“HIGH” LIFE, MARCH 10, 1922
“FOE A BETTEK G. H. S.”
Founded by the class of '21
Published Every Other Week by the Students of the Greensboro High School.
Acceptance for change of name from The Sage to “High” Life with entry
as second-class matter at the Greensboro, A. C. postoffice, now pending.
Acceptance for mailing at special rate of postage provided for in section
1103, Act of October 3, 1917, authorized December 10. 1920.
5 cents per copy 50 cents the School Year
Paul Cansey Editor-in-Chief
Mildred Leak Managing Editor
Leonard Temko Business Manager
Bryan Barker I . , i . t
T .1 tt; Athletic Editor
Lucile Wynn j
Ethel Stockton Assistant Editor
Margaret Smith Alumni Editor
Harold Sebum Circulation Manager
Clinton Jackson ^ Assistant Business Manager
Carmel Ferguson Assistant Managing Editor
Elizabeth Simpson Assistant Assigning Editor
Leonard Tempko 1 Assistant Athletic Editor
Marjorie Blair j
Elizabeth Transou Assistant Circulation Manager
Look and see who makes this paper possible by advertising in it and
then trade with them.
ECONOMICS SENIORS SERVE
CALORIC DINNER TO
The study of calories has created
a great deal of interest in the second
year class of Home Economics.
For the past month this class, which
is composed of about twenty Juniurs,
Sophomores and Seniors, has been
studying the exact amount of food
value contained in the various foods
we eat, on the 100 calorie basis.
The class is divided into two
groups. Each of the groups has
adopted an imaginary family and
prepare their menus accordingly.
Some member of the group rep
resents a member ef the imaginary
family. Last Friday the following
menu was prepared by Group 1
(seniors) and served to Group II
Creamed Salmon, Mashed Pota
toes, Iced Slaw, Cornmeal Muffins,
Butter, Ambrosia and Cake.
The dinner, which was the second
to be served in the class, was voted
a success by the entire class. The
class hopes to serve the faculty later
in the year.
BOYS AND GIRLS OF THE CITY SCHOOLS
In our opinion it will pay you to investigate our Fall and Winter
and learn the prices which are just as attractive as the styles. No
use talking THERE IS NO BETTER PLACE TO BUY SHOES
J, .M. HENDRIX .& .COMPANY
“The Home of Good Shoes”
223 S. Elm Street - - - Greensboro, N. C.
THE TEA GARDEN
Cor. E. Market & Davie St.
Bring her here for an Afternoon Tea or Ice Cream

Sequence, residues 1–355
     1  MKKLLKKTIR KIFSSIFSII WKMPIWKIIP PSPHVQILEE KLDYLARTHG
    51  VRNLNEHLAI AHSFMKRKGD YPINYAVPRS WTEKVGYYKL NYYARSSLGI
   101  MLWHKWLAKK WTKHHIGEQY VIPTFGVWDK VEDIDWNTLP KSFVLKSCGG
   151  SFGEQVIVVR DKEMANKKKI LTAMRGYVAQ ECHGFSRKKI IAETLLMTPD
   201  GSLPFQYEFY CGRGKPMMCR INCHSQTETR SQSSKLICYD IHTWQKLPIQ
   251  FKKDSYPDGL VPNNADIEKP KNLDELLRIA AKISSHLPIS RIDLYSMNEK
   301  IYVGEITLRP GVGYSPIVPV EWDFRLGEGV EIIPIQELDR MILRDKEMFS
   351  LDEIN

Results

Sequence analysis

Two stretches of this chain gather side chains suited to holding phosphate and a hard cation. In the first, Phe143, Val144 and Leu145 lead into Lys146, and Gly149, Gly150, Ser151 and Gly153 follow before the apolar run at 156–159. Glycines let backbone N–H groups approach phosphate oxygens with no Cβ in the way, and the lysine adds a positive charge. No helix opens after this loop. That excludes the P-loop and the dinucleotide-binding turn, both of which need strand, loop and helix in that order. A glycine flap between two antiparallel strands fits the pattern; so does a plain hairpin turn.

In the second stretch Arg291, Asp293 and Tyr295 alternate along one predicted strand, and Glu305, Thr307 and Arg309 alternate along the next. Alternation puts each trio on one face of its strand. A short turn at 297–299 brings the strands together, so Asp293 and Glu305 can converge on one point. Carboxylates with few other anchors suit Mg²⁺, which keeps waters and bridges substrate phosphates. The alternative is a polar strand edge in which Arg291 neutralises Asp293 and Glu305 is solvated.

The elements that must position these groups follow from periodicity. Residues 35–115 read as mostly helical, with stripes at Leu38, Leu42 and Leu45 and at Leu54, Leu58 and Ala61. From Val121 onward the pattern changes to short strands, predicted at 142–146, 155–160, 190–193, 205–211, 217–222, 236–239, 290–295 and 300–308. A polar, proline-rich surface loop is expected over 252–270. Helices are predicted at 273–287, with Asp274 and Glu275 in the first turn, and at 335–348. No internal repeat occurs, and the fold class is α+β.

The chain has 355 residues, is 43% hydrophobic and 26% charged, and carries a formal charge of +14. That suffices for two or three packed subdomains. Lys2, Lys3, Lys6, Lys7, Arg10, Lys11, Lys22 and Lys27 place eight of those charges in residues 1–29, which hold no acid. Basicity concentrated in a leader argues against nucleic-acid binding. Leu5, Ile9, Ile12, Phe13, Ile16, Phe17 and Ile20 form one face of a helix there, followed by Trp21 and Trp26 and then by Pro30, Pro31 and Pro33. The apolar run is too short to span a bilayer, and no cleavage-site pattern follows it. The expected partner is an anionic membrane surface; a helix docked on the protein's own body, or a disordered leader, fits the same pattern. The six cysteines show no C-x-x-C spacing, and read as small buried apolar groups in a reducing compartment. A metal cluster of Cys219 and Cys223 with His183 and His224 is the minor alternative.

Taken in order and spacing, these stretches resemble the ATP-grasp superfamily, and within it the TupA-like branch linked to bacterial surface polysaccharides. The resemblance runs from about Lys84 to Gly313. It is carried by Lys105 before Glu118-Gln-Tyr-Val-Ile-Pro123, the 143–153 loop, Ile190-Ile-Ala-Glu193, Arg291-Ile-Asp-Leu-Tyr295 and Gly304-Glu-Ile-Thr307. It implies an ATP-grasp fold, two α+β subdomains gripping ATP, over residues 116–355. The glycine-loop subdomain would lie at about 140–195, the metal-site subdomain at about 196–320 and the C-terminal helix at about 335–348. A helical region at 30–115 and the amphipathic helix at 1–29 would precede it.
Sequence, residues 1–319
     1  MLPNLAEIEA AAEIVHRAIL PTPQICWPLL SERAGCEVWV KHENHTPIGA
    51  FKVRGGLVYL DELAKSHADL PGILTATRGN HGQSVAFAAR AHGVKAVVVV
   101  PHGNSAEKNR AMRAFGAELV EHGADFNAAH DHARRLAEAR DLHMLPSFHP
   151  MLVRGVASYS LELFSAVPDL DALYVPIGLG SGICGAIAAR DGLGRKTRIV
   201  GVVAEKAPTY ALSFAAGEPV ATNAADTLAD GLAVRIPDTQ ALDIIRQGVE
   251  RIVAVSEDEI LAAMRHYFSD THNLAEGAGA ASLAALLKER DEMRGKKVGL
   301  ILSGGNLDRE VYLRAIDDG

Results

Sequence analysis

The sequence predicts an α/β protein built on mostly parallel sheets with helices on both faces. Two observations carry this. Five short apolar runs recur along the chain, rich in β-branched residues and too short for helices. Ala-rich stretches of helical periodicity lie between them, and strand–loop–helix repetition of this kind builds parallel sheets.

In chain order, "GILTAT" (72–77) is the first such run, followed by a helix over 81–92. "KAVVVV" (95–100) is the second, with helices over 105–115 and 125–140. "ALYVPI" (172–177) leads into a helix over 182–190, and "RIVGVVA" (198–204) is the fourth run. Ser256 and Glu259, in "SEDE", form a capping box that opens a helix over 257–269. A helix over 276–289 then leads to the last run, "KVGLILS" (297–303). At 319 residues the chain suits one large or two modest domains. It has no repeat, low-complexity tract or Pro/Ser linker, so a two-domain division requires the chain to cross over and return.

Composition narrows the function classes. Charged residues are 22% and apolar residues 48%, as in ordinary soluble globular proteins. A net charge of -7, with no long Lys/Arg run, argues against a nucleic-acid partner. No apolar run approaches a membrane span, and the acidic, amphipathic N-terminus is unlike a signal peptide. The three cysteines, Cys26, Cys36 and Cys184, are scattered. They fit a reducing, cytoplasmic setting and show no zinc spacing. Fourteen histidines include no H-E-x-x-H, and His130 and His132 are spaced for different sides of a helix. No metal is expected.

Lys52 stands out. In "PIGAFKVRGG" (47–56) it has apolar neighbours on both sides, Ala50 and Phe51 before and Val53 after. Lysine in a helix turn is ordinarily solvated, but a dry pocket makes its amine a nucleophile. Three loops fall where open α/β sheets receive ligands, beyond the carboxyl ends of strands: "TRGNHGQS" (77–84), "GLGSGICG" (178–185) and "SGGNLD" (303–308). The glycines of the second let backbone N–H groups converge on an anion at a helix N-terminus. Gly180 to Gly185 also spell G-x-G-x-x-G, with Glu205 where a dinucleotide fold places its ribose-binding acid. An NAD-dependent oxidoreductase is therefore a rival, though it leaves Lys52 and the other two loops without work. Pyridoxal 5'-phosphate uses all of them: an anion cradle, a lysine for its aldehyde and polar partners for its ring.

THE BEST OF EVERYTHING.
We always have wondered how
prompt the fire department would
be in answering a call from that
tempting little red box out in front.
* * *
The next time we hear that joke
about the Swannanoa Tunnel; Oh,
well, it sure will be halleluia for*
the fond reciter.
* * *
I guess the Burlington Quint is
very well acquainted with our cen
ter. Anyway, we heard that he
proffered his card to a few in that
* * *
If any other class or department
feels ambitious enough to put out
an issue of “High Life,” the staff
guarantees easy terms.
« * 4
What and whence this strange
infection, disproportioning the jaws
and rendering tangled or null the
speech thereof, pervading among
the entire student bodv.
The Seniors of 22 are going to
put out the best Annual this year
that ever enclosed twixt leather
bindings the fame, renown, and
achievements of a senior class and
school. It doesn't take a business
mind to understand that an annual
which will set off to advantage and
future admiration the accomplish
ments of glorious teams and our
scholarlv triumphs will of a neces
sity be very expensive.
To partly defray these expenses
the Annual Staff has under wav a
play which, involving the city's
best talent and that of various city
schools, is going to be the best
local talent play ever staged in
Very soon the Staff is going to
put on sale tickets to “Katcha Koo.”
and “High Life” wishes to take this
opportunity to urge every student
in G. H. S. to buy tickets and to
sell them in the city as though
your lives depend upon the sales
We feel more than justified in
making this appeal, because we
know that every student's pride in
the Senior Class and the Annual
makes them look for opportunities
to help their exalted brothers and
sisters; and futhermore as we
have said before, this is going to
be the best local talent plav ever
staged in Greensboro.
The road to success is a torn,
crooked, rock, strewn highway; along
which throngs of struggling pedestri-
and may be seen with strained ga^
ever, ever ahead, to mark each mile
post passed. A mile post on which
he, who can account himself a
success knows are inscribed the
words self denial.” The hot blasts
of opposition waft back on their
scorching wings, prayers petitioning
always for, accuracy and efficiency,
from those in the van to those who
are less fortunate.
The above picture is probably
painted rather severely, but there
is no use compromising; the only
way to start the journey right is to
face matters squarely and having
begun let each certain failure be
a stepping stone aiding you on to
biggere failures and ultimately to
HAIL YE MUSICIANS
The Commercial Club of the
Greensboro High School held its teg
ular semi-monthly meeting in room
206, Tuesday, Feb. 9. Miss Gladys
Holland, acting as chairman, called
^ the meeting to order. The minutes
' of the last meeting were read by
the secretary, then the reports of
the different committees were heard.
The color flower, and motto com
mittee suggested for the flower,
the violet; the motto, “We mean
business;” and the colors, lavender
and green. These were adopted. The
constitution was read, voted on and
adopted by the club. We feel that
we are now ready to live up to out
motto and put the Commercial couraa
on a “higher plane” in G. H, S.
After this business, Beket spoke to
the club on “Parliamentary Proced-
irre,” after which the meeting ad
With the developing interest of
the business men of this city and the
co-operation of everyone, the Com
mercial Club anticipates great things.
BOYS START A NEW CRAZE BY
IMPROVING THEIR SOLES
There's a new fad in G. H. S.
Believe me! it’s quite the rage.
And fer a wonder it's not the girls
That are models upon the stage.
The boys have found something
And in only a few days
Every gent, spent his last cent
To get the latest craze,
I know you’re dying to find out
Just what the style may be—
Its a pair of shoes, the soul of
Is at least tw'o inches or three!
Poor girls have tried to meet the
And so, upon each ear
Their hair they’ve wound
To deafen the sound
That thev are forced to hear.